Abstract and Keywords
This chapter discusses the extent to which representations of “improper” listening are found in popular and academic literature of German and U.S. origin, for the process of reception is highly susceptible to error and interference. Indeed, despite near-ideal conditions, concert-goers are as prone to molding their experience according to subjective predilections as any other type of listener. They may not even be listening at all, despite being physically present and dependent on the musical performance. This mode of behavior as a fact of (concert) life is sometimes mentioned in recent popular books on music but seldom appears in older books; nor has it been part of musicological accounts of symphonic concerts, although scholars such as James H. Johnson (1995) and Peter Gay (1995) speak extensively about disruptions in historical performances. The chapter considers changes in the assessment of such listening in recent years and contemplates causes for these shifts.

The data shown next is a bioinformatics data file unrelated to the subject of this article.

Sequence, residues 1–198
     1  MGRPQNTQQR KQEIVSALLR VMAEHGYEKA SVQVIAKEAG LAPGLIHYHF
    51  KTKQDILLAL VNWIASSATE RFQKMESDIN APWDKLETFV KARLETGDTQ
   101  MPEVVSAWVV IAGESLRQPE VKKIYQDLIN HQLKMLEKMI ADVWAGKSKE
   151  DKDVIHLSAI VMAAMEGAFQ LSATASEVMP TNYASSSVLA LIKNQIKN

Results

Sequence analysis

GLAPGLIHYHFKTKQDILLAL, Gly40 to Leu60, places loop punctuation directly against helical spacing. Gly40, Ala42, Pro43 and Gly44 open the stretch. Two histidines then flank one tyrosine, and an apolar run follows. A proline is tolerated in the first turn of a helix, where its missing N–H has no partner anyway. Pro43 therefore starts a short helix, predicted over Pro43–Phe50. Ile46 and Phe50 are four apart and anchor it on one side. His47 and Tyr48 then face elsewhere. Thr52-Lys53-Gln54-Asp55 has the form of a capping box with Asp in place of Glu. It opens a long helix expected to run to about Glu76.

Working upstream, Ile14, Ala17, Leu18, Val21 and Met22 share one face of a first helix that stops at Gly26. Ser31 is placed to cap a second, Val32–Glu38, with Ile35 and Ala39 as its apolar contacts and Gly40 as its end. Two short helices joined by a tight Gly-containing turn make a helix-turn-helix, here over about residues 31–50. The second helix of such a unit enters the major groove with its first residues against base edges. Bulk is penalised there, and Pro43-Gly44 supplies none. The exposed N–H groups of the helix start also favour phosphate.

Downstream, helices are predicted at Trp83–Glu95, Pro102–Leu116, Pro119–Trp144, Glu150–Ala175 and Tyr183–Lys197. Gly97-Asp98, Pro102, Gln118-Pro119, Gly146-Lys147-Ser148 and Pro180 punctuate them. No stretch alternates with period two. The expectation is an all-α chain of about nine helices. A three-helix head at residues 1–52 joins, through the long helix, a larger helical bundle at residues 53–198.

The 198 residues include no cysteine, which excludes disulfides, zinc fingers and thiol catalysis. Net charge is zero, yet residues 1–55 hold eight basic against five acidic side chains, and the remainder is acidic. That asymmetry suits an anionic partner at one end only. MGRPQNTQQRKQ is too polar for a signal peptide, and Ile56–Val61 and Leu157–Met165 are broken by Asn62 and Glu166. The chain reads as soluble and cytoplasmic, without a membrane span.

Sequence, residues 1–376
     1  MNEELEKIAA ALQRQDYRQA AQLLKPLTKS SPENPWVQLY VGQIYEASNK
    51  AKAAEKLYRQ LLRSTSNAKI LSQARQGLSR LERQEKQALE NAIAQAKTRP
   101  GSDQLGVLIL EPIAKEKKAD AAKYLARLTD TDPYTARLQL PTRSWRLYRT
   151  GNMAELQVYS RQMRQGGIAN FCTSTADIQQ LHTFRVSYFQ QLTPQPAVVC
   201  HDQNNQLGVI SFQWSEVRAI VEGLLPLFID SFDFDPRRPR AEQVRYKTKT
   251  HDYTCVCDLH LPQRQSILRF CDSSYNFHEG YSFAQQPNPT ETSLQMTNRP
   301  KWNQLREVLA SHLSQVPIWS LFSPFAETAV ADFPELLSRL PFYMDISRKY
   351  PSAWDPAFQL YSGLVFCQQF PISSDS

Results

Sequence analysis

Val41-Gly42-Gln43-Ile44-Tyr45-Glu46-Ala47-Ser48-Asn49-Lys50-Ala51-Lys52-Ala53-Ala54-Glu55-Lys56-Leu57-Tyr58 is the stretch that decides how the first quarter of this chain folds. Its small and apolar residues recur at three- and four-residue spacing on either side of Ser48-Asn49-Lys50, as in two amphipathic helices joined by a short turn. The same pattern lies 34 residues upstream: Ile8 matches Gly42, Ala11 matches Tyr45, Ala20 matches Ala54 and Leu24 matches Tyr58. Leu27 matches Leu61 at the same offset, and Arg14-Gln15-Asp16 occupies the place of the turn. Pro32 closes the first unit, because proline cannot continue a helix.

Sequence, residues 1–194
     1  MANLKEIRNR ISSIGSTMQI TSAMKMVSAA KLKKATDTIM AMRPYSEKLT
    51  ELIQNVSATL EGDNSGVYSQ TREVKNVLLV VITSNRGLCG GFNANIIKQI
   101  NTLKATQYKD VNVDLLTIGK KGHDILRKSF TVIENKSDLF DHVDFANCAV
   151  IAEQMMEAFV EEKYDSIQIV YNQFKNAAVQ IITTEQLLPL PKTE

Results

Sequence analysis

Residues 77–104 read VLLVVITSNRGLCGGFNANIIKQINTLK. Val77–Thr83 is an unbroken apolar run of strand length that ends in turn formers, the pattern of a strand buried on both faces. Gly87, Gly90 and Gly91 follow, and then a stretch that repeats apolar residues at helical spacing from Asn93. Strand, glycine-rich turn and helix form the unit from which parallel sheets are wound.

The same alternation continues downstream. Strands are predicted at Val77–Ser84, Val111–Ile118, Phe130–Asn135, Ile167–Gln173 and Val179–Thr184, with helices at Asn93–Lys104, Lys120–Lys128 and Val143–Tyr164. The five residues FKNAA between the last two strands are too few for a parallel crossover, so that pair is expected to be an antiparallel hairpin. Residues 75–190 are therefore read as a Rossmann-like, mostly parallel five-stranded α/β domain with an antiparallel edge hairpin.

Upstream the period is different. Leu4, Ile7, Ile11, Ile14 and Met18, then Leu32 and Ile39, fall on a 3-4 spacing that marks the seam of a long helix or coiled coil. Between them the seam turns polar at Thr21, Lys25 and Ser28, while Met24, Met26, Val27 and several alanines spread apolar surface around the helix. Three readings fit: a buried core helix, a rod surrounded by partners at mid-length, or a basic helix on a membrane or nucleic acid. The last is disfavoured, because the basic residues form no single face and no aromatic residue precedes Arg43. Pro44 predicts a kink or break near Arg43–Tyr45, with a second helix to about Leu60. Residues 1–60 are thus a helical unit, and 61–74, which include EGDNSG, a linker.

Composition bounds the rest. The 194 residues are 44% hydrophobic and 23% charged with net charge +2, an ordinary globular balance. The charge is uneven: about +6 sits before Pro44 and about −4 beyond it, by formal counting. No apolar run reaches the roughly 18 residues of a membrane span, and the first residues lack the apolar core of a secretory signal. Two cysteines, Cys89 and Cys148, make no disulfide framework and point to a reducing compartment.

Access to the complete content on Oxford Handbooks Online requires a subscription or purchase. Public users are able to search the site and view the abstracts and keywords for each book and chapter without a subscription.
If you have purchased a print title that contains an access token, please see the token for information about how to register your code.